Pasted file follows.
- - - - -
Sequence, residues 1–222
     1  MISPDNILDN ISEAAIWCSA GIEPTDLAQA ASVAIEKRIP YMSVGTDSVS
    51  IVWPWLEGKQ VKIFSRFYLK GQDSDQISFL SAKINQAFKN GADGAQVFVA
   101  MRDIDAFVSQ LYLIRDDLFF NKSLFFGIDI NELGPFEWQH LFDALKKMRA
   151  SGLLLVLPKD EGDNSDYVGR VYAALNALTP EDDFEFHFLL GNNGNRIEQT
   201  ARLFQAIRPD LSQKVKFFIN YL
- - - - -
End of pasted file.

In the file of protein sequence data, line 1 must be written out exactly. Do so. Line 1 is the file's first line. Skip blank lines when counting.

Sequence, residues 1–222